What about the rest of the artwork recovery process?

Deputies passed the bill on the return of works of art in Benin and Senegal. But will there be other projects of this type in the coming months? Six countries on the continent have so far made requests.

The government can rub hands. The text was not only voted on by deputies, it was adopted almost unanimously after 2 hours of peaceful debate. Almost everyone praised the initiative. Senators, in turn, were to follow suit in early November. The Director wants this text to be finally adopted before the end of the year.

10000 pieces requested by Chad

France then has a year to deliver the 26 works from the Béhanzin tax to Cotonou, where the so-called El Hadj Omar Tall sword has already been delivered to Senegal in the form of a loan. These refunds are a first step we repeat all the time within the majority, what about the rest of the process?

Six countries on the continent have been making requests for a year and a half: Senegal, Côte d’Ivoire and Mali are claiming more items. Chad asked to collect 10,000 coins. Ethiopia has built 3,000 exhibitions at Quai Branly in February 2019. These requests are currently under investigation. There is a lot of investigative work to be done. And it will take some time, especially for countries like Chad that have asked to reclaim a large number of objects.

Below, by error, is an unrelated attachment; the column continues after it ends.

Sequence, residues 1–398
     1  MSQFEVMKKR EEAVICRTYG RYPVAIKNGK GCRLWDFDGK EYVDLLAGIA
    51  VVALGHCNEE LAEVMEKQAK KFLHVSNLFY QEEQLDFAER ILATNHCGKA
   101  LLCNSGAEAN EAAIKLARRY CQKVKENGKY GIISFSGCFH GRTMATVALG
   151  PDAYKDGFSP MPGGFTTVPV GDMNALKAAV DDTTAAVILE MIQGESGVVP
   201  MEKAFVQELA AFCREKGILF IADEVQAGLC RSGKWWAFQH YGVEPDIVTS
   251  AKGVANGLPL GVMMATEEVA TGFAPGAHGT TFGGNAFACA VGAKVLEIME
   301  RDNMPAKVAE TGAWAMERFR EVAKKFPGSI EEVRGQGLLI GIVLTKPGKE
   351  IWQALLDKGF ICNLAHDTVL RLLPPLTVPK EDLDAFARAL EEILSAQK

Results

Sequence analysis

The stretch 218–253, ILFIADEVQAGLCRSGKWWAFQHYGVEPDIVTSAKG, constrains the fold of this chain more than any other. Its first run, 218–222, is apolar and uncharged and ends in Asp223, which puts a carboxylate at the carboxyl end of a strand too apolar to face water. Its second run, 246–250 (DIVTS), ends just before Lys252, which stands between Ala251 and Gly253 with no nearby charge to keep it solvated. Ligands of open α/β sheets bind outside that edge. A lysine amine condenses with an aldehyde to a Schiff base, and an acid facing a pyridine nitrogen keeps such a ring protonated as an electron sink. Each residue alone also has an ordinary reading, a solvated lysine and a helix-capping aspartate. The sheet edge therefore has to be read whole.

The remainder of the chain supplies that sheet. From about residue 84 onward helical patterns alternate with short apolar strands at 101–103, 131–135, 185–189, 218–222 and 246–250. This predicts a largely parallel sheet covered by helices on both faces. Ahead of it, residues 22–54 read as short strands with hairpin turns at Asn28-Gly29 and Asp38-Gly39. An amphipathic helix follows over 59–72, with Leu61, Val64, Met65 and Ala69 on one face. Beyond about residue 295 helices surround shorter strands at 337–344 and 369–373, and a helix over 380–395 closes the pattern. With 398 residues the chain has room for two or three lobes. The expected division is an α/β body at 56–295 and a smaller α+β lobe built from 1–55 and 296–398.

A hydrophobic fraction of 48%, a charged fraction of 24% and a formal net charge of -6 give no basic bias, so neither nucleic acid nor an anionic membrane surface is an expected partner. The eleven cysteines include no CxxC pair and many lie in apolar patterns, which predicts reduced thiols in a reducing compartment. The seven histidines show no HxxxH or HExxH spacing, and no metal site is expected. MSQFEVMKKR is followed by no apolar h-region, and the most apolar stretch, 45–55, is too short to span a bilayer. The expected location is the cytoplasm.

Discussions seem to be more advanced with Madagascar on the return of the crown by Queen Ranavalona III. Antananarivo wants to restore the object to Independence Day on June 26. Paris originally proposed a loan deal, as it was done in 2019 for Senegal with the so-called El Hadj Omar Tall Sword, but the Malagasy authorities have requested an immediate transfer of ownership. It will therefore be necessary to review a particular law, a law that is not implemented immediately.

Since 1960, African states have requested the return of pieces of their heritage that were looted during colonization. And this is the first time this has been made possible.

Marie-Cécile Zinsou, art historian: “It is really very important as a law because it is a first”

►Listen too: Interview – Restoration of African heritage: where are we?


This website uses cookies to improve your experience. We'll assume you're ok with this, but you can opt-out if you wish. Accept Read More